Queen approves Boris Johnson’s plan to suspend parliament, making a no-deal Brexit more likely
August 29, 2019 @ 12:49 UTC
U.K. Prime Minister Boris Johnson has scheduled the formal reopening of parliament for October 14 — a highly-controversial move that would restrict parliamentary time before the Brexit deadline and increase the chances of the U.K. leaving the EU with no deal. After initial media reports, Johnson confirmed Wednesday morning that parliament would be suspended days after lawmakers return from their summer recess, and would come back for the Queen’s Speech outlining the government’s post-Brexit plans on October 14.
This speech marks the reopening of parliament and the October 14 date would mean that parliamentary business would be delayed, restricting time before the October 31 Brexit deadline. The U.K. queen approved Johnson’s plans later on Wednesday afternoon. Opposition parties on Tuesday signaled their intent to unite in creating a law to block Johnson from forcing a no-deal Brexit. A U.K. withdrawal with no deal has faced widespread opposition in the House of Commons and is seen as potentially damaging to Britain’s economy, according to several projections.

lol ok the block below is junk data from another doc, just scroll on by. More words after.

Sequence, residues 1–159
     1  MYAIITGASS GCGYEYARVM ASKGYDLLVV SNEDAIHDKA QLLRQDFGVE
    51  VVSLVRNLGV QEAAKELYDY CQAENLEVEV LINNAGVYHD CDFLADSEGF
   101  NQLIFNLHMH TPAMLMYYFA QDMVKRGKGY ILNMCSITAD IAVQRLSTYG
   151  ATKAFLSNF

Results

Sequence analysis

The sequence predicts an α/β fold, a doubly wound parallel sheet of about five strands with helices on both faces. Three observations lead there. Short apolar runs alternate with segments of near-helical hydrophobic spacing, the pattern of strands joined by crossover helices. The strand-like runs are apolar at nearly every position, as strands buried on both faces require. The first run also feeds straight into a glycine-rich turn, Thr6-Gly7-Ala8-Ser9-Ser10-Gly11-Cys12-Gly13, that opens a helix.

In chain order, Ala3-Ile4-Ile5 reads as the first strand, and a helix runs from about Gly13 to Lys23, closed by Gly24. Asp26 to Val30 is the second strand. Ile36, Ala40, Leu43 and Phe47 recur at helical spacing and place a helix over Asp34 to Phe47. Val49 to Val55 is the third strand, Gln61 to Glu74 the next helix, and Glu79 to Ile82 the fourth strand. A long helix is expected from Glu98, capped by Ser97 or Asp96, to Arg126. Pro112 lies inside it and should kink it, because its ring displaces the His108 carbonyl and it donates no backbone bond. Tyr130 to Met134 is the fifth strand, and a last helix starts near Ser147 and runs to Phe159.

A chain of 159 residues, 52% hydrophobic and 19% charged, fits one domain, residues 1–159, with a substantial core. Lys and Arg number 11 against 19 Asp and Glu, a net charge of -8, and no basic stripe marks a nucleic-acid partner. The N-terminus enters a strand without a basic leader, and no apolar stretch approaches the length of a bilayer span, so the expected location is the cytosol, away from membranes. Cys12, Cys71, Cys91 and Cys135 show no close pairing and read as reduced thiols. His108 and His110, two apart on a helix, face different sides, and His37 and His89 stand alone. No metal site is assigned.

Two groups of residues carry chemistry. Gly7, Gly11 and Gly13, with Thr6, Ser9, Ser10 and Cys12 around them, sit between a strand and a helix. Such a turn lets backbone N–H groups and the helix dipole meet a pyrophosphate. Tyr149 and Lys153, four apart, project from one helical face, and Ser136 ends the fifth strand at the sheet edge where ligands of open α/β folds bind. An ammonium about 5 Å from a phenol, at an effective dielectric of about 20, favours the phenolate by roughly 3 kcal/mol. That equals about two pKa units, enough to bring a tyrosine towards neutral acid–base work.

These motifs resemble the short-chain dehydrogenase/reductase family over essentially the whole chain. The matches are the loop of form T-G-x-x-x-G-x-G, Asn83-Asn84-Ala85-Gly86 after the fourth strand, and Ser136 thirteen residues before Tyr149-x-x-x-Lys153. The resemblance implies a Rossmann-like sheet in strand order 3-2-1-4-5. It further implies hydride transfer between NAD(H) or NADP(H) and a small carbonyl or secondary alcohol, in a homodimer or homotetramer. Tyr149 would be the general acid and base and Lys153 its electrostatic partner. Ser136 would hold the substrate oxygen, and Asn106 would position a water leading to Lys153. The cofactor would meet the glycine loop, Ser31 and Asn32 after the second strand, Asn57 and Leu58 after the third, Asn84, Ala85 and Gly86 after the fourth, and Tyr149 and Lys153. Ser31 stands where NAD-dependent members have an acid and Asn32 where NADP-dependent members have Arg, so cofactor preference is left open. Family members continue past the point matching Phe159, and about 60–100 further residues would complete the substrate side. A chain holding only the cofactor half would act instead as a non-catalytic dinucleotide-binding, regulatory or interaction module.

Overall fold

Therefore, Johnson’s move Wednesday is seen as an attempt by the government to stifle the creation of this law and force through Brexit, one of the U.K. leader’s key promises upon taking power. However, Johnson said Wednesday that lawmakers will still have ample time to debate Brexit and it was untrue that he was trying to sideline parliament on the issue. The pound fell by 1% to below the $1.22 mark on Wednesday at 9:00 a.m. London time, but slightly pared losses to trade 0.6% down at $1.2211 by late morning.